Inside the cathedrals of the information age: Google reveals the secret data centres that power the web
They are the cathedrals of the information age - with the colour scheme of an adventure playground.
For the first time, Google has allowed cameras into its high security data centres - the beating hearts of its global network that allow the web giant to process 3 billion internet searches every day.
Only a small band of Google employees have ever been inside the doors of the data centres, which are hidden away in remote parts of North America, Belgium and Finland.
Their workplaces glow with the blinking lights of LEDs on internet servers reassuring technicians that all is well with the web, and hum to the sound of hundreds of giant fans and thousands of gallons of water, that stop the whole thing overheating.
"Very few people have stepped inside Google's data centers [sic], and for good reason: our first priority is the privacy and security of your data, and we go to great lengths to protect it, keeping our sites under close guard," the company said yesterday. Row upon row of glowing servers send and receive information from 20 billion web pages every day, while towering libraries store all the data that Google has ever processed - in case of a system failure.
With data speeds 200,000 times faster than an ordinary home internet connection, Google's centres in America can share huge amounts of information with European counterparts like the remote, snow-packed Hamina centre in Finland, in the blink of an eye.
The Google story began only 14 years ago as a university experiment with a few off-the-shelf servers. Now a multi-billion dollar company commanding huge advertising revenues and with unprecedented power over the way we use the internet, the company still appears to run on a hipster mentality.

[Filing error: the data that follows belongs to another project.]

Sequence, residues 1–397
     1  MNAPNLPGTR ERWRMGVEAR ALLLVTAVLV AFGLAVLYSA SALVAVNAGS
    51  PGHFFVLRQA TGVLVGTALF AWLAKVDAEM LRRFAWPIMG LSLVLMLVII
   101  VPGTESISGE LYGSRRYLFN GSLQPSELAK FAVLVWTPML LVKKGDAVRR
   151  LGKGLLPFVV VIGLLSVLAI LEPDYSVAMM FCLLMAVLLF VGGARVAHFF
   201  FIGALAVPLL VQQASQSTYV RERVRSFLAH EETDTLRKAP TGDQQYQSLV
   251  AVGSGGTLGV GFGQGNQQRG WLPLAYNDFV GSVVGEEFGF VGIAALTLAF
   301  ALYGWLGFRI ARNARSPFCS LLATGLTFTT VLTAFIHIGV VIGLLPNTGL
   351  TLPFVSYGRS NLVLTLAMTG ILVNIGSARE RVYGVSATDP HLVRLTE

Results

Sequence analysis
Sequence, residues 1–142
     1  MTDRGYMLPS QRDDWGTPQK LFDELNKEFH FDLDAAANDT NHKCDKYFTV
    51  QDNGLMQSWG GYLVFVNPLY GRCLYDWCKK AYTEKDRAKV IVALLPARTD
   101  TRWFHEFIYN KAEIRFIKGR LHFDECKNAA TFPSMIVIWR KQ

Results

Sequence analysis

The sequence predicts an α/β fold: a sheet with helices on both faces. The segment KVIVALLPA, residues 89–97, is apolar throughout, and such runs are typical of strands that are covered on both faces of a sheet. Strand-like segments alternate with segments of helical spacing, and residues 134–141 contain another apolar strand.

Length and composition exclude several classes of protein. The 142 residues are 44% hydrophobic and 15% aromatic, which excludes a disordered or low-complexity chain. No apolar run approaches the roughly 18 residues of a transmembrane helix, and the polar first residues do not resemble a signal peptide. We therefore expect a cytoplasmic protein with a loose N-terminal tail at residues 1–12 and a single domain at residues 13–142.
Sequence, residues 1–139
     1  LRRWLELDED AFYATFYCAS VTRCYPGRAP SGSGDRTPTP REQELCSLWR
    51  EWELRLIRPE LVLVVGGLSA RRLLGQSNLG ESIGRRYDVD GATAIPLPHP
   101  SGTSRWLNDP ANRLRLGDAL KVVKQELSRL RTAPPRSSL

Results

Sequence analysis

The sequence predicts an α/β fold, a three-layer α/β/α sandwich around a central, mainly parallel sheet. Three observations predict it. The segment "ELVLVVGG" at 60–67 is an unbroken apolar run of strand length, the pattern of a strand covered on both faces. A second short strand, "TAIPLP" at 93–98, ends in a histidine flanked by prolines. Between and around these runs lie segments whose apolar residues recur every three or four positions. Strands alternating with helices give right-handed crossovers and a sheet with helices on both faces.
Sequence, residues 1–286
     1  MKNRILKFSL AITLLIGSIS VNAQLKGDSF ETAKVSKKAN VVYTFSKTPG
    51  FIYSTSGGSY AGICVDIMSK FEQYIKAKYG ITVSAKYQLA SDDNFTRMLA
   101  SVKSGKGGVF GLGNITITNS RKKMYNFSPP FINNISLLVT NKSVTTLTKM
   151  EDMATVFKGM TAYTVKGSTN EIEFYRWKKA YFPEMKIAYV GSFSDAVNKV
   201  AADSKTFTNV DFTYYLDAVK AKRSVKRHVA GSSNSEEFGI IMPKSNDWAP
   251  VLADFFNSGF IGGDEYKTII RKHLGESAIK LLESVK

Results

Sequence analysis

Employees navigate vast data storage warehouses on technicolour G-bikes, the company revealed, while at the Oregon data centre, staff spend their hours between data analysis "hiking, fishing and wind surfing".
CLICK ON THE GALLERY ABOVE TO SEE THE IMAGES.
Notes from a small island: Is Sealand an independent 'micronation' or an illegal fortress?
British man arrested after children's throats slit in France
World news in pictures
'Swivel-gate': David Cameron goes to war with the press over 'swivel-eyed loons' slur
Revealed: Eerie new images show forgotten French apartment that was abandoned at the outbreak of World War II and left untouched for 70 years
- 1 Heading for America? Prepare for the longest US immigration queues ever
- 2 Notes from a small island: Is Sealand an independent 'micronation' or an illegal fortress?
- 3 You thought Ryanair's attendants had it bad? Wait 'til you hear about their pilots
- 4 'Swivel-gate': David Cameron goes to war with the press over 'swivel-eyed loons' slur
- 5 It’s official: thanks to Stephen Hawking's Israel boycott, anti-Semitism is no more
BMF is the UK’s biggest and best loved outdoor fitness classes
Find out what The Independent's resident travel expert has to say about one of the most beautiful small cities in the world
Win anything from gadgets to five-star holidays on our competitions and offers page.
£28000 - £31500 per annum + benefits: Randstad Education Newcastle: Permanent ...
£50000 - £58000 per annum + Benefits and Bonus: Progressive Recruitment: SAP F...
£30000 - £40000 per annum + BENS: Progressive Recruitment: Drupal Developer A ...
£45000 - £50000 per annum + bens: Progressive Recruitment: C# WEB DEVELOPER Le...